House Majority Whip Steve Scalise has built his political career on relentless outreach and driving ambition, according to The New York Times
After coming under fire last week for speaking at a white supremacist event in 2002, Scalise's political career is under examination. Then a state legislator, he gave a speech about taxes before the European-American Unity and Rights Organization (EURO), an organization founded by former Ku Klux Klan leader David Duke.
After the speech was reported, Scalise apologized, saying he was not aware of the organization's platform when he spoke and he would not endorse the activities of such a "hate group," CBS News reported
"He builds relationships like no one I've ever seen," North Carolina Rep. Patrick McHenry told the Times. "He's an Italian from New Orleans, there is a cultural expectation that you build friendships."
Friends and allies of Scalise told the Times that he will go anywhere and talk to anyone which may have been in part responsible for why he found himself in a position of addressing the group.
But there is also the possibility that in his aggressive drive for support he turned a blind eye to the group's racist beliefs, the Times said.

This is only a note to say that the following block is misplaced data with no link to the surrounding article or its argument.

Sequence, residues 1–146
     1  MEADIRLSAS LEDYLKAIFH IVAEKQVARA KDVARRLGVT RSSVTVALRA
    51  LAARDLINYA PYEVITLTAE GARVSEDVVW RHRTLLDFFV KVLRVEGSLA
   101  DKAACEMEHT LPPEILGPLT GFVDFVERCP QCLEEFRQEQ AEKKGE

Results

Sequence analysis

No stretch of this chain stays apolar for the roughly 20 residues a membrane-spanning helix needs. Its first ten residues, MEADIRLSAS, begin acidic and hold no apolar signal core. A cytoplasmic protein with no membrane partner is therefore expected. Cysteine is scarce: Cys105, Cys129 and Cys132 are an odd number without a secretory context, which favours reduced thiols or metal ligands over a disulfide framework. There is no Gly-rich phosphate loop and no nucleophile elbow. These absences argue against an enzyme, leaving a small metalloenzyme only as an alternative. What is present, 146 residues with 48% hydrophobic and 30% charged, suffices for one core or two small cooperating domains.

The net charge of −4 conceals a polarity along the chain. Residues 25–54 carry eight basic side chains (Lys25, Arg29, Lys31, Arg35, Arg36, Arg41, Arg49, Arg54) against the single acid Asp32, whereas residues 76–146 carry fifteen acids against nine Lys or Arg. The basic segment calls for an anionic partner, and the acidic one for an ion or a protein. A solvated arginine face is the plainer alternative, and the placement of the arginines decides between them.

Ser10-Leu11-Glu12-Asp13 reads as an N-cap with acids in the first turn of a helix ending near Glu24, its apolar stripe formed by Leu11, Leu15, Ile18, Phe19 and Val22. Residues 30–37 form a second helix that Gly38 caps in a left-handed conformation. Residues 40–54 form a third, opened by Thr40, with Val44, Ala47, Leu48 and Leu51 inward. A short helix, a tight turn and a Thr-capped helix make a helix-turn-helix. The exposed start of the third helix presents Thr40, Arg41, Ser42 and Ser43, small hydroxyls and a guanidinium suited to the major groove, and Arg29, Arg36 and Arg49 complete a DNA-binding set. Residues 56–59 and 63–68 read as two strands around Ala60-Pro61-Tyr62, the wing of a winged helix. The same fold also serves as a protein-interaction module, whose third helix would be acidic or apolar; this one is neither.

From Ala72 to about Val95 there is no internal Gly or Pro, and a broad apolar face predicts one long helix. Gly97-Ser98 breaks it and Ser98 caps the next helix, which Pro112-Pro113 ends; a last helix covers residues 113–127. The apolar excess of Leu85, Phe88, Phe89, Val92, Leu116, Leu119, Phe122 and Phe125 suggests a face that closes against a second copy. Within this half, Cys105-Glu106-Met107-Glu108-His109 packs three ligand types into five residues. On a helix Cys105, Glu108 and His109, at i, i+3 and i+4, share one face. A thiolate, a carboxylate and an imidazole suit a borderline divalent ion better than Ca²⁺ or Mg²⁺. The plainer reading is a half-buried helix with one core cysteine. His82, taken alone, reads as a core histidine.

Scalise's rise to the leadership has been built on his personable approach and attention to personal politics, according to the Times. Colleagues, both former and present have vouched for his character
House Speaker John Boehner described Scalise as a man of "good character." Louisiana Democrat Rep. Cedric Richmond, an African-American, who also served with Scalise when he was in the Legislature, said Scalise does not have "a racist bone in his body."
And freshman GOP Rep. Mia Love, also black, has defended Scalise
, saying he should remain in the leadership.
A number of conservatives on the right, however, have criticized the decision not to remove Scalise from his post, saying it was a missed opportunity to demonstrate that the Republican Party is serious about its commitment to minorities, the Times reported.
The Times said that assuming nothing further emerges about his involvement with the group, Scalise's position appears to be safe.
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